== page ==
Self Employed National Insurance Contributions - What Do You Pay?

National Insurance is one of the many areas of tax that often confuses people, and it's no wonder! With so many different rates for businesses, employers and employees, you could be forgiven for getting a little lost.
But you can't be forgiven for not knowing your Self Employed NI Contributions after reading this article!
So let's get started. As a self employed person, you normally have to pay Class 2 NI Contributions. Also, if your profits are over a certain amount, you may also pay Class 4 NI Contributions.
As with many taxes, you may be exempt from paying NI if you meet certain criteria.
Class 2 Self Employed National Insurance Contributions
You will pay Class 2 NI contributions at a flat rate of £2.65 per week. However, if your earnings are below £5,595 per year (2012/13), then you may not need to pay.
Exceptions to paying Class 2 NI Contributions
You do not have to pay Class 2 NI Contributions if any of the following apply:
  • You are under 16
  • You have reached State Pension age
  • You're a married woman or widow who is entitled to pay reduced contributions
  • Your earnings are below a certain level (£5,595 for 2012/13)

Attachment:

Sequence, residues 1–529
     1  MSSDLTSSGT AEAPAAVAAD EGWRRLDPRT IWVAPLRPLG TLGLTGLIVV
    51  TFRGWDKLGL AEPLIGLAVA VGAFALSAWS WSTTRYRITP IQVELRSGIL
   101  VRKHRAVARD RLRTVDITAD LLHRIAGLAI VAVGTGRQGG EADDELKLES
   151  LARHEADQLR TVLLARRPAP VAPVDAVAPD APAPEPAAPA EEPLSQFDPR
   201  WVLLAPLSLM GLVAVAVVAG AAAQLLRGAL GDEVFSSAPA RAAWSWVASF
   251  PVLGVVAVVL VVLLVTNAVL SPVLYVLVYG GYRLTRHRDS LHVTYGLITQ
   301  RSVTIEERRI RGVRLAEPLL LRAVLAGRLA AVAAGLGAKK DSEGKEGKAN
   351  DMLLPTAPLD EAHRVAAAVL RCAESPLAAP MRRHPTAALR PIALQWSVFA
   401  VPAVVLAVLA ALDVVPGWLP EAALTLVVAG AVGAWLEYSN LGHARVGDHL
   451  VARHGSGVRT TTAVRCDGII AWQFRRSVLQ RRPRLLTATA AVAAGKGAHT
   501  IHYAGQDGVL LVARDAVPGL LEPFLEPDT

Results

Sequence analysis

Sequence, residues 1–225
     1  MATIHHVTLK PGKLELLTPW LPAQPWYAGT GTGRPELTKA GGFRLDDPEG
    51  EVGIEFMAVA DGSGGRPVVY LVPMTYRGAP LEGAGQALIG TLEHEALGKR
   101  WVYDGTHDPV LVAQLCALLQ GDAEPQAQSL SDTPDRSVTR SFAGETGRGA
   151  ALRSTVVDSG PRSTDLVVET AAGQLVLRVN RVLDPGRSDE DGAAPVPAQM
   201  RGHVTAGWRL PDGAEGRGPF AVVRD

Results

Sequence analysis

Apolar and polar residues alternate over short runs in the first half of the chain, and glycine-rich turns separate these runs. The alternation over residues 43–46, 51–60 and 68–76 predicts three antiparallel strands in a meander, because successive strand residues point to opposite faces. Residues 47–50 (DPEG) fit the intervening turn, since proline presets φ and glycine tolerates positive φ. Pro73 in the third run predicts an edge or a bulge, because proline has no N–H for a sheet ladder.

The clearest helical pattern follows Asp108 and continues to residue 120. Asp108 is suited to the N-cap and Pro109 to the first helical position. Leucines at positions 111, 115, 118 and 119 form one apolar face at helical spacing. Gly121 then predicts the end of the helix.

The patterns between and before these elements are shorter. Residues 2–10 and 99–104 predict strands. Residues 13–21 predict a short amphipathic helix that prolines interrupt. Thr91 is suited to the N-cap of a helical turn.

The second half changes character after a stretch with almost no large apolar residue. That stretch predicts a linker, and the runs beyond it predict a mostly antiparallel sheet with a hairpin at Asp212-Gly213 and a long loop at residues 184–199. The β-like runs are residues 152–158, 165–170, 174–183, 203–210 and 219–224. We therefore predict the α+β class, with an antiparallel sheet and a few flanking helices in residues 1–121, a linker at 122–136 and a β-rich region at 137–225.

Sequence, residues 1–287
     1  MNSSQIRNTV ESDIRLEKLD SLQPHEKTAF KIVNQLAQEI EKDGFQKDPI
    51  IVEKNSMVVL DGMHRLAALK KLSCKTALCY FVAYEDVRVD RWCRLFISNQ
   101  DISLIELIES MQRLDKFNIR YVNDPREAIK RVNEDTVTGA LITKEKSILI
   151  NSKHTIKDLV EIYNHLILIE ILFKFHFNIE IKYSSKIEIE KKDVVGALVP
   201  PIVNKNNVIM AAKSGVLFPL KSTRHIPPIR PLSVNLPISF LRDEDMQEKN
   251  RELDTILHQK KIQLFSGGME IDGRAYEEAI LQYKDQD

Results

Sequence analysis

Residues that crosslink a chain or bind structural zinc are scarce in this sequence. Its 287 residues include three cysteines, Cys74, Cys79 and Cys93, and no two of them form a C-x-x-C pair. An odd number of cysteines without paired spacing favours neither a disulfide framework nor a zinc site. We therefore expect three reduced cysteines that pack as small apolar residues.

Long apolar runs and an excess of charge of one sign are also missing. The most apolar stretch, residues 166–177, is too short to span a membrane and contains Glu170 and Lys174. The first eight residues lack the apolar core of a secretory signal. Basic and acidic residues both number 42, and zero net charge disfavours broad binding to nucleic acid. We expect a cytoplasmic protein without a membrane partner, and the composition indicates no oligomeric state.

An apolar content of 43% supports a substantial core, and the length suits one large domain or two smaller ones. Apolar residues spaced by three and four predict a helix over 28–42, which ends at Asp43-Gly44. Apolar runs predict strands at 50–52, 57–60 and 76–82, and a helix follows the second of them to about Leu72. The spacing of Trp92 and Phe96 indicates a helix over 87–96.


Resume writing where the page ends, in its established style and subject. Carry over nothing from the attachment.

Since April 2011, your Class 2 NI Contributions payments will become due on the 31 January and 31 July, the same dates as your Self Assessment tax bill.
Class 4 Self Employed NI Contributions
If you are self employed, and your profits are over a certain amount, you will normally have to pay Class 4 NI as well as Class 2 Contributions.
You will pay 9% on your annual profits between £7,605 and £42,475 (2013/13) and 2% on any profit over that threshold.
Your Class 4 NI is worked out on your Self Assessment tax return, and paid alongside your Income Tax.
If you have more than one business, special rules apply for calculating adjustments to profits on which you pay Class 4 National Insurance Contributions.
Exceptions to Class 4 National Insurance Contributions
You do not have to pay Class 4 National Insurance Contributions if any of the following apply:
  • You are under 16
  • You are still working in the tax year after you reached State Pension age
  • You are not resident in the UK for tax purposes
If you are under 16 you'll have to apply for an exemption by filling in form CA2835U. You can get the form by writing to:
HM Revenue & Customs
Deferment Services
National Insurance Contributions Office
Benton Park View
Newcastle upon Tyne
NE98 1ZZ
And there you have it; your guide to Self Employed National Insurance Contributions.
Ben works for Keepers Accountancy, who are a proactive firm of accountants specialising in Personal Allowance 2012 and Employer's National Insurance Contributions. To find out more, visit our website!
Article Source: http://EzineArticles.com/?expert=Ben_M_Williams

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